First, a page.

Life is monstrous, infinite, illogical, abrupt, and poignant; a work of art, in comparison, is neat, finite, self-contained, rational, flowing, and emasculate. Life imposes by brute energy, like inarticulate thunder; art catches the ear, among the far louder noises of experience, like an air artificially made by a discreet musician.
– Robert Louis Stevenson
In other words, art provides meaning unavailable to us in the chaotic reality of living, frames a space for us to experience and understand what would otherwise be missed, or even lost, in life’s confusion.
The sickly, Scottish son of a lighthouse designer, Stevenson wrote many of the classics of our time, traveled widely, worked hard, but died young, in Samoa, where a Samoan mourning song was written for him, which is apparently still sung.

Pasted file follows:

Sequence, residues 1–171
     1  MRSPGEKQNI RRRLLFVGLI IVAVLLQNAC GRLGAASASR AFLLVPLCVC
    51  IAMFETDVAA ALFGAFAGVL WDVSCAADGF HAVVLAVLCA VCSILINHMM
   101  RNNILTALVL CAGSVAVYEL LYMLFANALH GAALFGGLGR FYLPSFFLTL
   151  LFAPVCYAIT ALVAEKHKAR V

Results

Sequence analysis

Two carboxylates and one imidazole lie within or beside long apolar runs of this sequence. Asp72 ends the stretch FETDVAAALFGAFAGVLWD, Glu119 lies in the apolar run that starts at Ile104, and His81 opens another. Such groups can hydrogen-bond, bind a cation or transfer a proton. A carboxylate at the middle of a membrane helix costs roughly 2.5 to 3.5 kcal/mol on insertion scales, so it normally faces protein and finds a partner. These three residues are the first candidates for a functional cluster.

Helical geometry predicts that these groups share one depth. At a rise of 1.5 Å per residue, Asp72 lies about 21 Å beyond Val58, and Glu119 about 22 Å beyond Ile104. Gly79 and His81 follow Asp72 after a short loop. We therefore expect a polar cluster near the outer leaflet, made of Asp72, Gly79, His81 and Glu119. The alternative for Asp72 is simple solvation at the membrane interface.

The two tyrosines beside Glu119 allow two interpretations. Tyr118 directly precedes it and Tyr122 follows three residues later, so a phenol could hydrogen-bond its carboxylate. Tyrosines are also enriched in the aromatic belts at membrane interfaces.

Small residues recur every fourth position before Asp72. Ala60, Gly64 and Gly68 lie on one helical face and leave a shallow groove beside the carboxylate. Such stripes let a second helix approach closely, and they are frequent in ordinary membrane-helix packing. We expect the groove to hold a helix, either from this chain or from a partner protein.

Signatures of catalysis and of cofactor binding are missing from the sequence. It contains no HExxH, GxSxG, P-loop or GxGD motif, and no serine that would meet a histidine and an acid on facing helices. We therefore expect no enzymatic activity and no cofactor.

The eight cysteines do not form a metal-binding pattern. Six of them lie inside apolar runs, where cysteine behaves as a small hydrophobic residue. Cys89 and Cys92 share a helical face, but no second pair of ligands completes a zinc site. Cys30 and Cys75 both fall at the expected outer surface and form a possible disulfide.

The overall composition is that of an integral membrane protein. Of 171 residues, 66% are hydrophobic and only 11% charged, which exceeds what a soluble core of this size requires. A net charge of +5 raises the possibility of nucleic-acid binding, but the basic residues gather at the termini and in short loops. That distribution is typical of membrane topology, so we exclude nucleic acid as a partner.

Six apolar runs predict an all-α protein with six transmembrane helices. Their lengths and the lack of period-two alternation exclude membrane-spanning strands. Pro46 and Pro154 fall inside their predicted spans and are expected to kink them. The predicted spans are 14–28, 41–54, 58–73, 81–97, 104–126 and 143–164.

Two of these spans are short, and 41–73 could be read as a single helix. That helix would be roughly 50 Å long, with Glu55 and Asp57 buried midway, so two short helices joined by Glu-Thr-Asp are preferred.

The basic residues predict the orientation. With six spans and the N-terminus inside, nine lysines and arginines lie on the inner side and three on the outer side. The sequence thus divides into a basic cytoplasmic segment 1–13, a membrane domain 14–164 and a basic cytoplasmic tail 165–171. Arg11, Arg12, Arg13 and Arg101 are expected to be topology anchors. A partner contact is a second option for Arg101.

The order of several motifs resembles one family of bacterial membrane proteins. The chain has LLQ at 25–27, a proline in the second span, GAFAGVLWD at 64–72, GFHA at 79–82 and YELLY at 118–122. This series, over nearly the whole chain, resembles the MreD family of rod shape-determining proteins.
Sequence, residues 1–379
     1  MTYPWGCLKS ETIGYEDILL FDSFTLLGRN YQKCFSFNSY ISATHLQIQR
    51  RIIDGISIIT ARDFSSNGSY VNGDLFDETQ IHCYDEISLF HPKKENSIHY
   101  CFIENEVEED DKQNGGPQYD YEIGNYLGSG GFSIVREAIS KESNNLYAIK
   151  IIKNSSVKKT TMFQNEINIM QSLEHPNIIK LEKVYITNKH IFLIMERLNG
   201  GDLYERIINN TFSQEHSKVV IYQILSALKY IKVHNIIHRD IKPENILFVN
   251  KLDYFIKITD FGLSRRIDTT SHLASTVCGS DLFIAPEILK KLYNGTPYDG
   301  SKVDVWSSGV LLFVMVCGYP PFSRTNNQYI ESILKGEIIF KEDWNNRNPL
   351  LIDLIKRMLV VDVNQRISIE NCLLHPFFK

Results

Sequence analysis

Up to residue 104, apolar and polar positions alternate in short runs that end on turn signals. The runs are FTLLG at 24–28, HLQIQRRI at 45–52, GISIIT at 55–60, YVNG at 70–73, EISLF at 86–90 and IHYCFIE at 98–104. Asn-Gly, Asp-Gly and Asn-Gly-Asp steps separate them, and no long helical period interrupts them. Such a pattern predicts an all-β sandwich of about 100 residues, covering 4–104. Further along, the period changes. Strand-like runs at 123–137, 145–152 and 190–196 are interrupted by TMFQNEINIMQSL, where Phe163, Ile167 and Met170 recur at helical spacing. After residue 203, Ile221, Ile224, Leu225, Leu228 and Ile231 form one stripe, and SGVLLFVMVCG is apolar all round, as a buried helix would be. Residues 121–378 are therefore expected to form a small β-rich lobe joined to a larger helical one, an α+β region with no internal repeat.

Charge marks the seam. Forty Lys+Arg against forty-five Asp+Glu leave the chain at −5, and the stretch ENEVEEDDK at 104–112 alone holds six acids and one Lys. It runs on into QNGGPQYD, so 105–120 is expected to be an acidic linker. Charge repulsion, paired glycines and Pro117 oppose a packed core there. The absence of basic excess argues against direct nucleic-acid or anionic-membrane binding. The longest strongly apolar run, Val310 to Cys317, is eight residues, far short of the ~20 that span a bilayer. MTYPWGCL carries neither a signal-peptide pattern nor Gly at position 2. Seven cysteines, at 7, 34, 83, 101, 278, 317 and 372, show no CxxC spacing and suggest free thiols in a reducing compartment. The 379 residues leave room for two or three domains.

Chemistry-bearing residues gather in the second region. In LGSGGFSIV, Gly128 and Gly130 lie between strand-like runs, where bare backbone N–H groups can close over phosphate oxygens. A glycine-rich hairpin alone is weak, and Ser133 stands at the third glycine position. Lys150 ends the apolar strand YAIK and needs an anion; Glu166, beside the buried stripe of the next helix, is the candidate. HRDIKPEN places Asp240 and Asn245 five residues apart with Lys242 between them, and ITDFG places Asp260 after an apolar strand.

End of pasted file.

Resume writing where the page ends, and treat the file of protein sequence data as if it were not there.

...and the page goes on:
A Child’s Garden of Verses is a must-read-to-children book. The poems are magical, mysterious, funny, clever, and express perfectly a child’s world. Children also like sounds and suggestions, they seem to be OK with not understanding poetry–unlike many adults!
The Strange Case of Dr. Jekyll and Mr. Hyde. A classic, describing sociopathy long before that term was in use, and writing in a genre that had not yet been invented: horror.
Treasure Island. The classic adventure story, written in, of all places, Davos Switzerland, where Stevenson had gone to recover from his various illnesses. Pirates, treasure maps, and buried treasure.